The site to which the object is to be moved should be prepared before hand. Space should be cleared, and an inner buffer such as mylar or blotting paper put down prior to the move. The route of the movement should be free of obstacles.
A variety of gloves should be kept on hand. Smocks without buttons should be worn when working with metal objects. The smock prevents the scratching of objects by belt buckles and other accessories, especially in those instances when the object is large and likely to be held against the torso during a move.
In addition to cotton gloves, (These are the white gloves always used by curators in museums when handling relics or artifacts) polyethylene gloves are useful when polishing or waxing a metal object. If there is concern that the metal surface may be too slippery for cotton gloves, or that a rough metal surface may snag the cotton glove, place the object in a padded box or tray for movement.
If it is necessary to pick up an object for inspection, hold it over a table or some other piece of furniture, and not over the floor. Also, have on had a jewelers cloth for uncoated gold, silver, copper alloys, and highly polished steels. If an object has to be handled or is inadvertently touched, any finger prints can be easily buffed away with the jewelers cloth. These cloths usually contain a fine abrasive.
The advantage of a jewelers cloth is that it permits localized polishing, without the mess of liquid or paste polishes. Some polishing cloths contain no abrasive and rely on the stiffness of the weave for their polishing effect. Any clean, soft cloth may be used to buff an object after a move or handling. Jewelers cloths are available at may jewelry stores.
When discussing the environmental conditions it is important to note that the lower the relative humidity, the better. Steel will not rust and brass will not tarnish below 15% RH. The best temperature to store metal objects is between 60 and 80 degrees F. In salt air environments, the best thing to do to prevent active corrosion is to house the items in spaces that do not allow RH levels to exceed 35%. As far as temperature goes, it is best to avoid low temps for most metal objects. This is because low temps usually result in higher levels of relative humidity, and the possibility for condensation to form upon metal surfaces. Low temps should be avoided for tin alloys. Another environmental threat is air pollution. Polluted urban air and coastal environments are among the most severe areas. Dirt and dust may contain chemical compounds that will react with metals and trap moisture close to the metal surface. Keep your items dusted and protected if possible. A common pollutant is cigarette smoking. NEVER allow smoking, eating, or drinking around valuable artifacts.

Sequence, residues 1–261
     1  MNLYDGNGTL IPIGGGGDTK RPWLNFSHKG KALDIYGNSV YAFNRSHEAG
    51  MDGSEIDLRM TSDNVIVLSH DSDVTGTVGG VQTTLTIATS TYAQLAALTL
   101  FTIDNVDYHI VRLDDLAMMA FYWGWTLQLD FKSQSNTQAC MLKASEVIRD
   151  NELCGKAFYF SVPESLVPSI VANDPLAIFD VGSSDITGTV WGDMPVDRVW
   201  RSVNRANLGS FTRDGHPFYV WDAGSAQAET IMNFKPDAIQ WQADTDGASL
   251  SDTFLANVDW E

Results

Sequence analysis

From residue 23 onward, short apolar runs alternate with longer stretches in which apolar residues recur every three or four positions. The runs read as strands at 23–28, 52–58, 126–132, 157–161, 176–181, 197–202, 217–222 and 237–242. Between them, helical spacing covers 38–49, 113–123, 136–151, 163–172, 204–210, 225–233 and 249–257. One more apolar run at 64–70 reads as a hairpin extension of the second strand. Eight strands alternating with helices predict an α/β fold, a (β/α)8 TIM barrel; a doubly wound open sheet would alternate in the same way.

Obviously, the best place to house metal objects is in an indoor environment to reduce the possibility of corrosion. (This is a major problem for museums such as The Aberdeen Proving Ground Museum. They have an outstanding collection of rare armored vehicles but do not have an indoor facility to protect them. If that doesn't change soon, we WILL lose those rare and valuable vehicles.) Never store metal objects directly on the floor, or in close proximity to exterior walls. Avoid storing metal objects in attics and basements. These areas are conducive to condensation.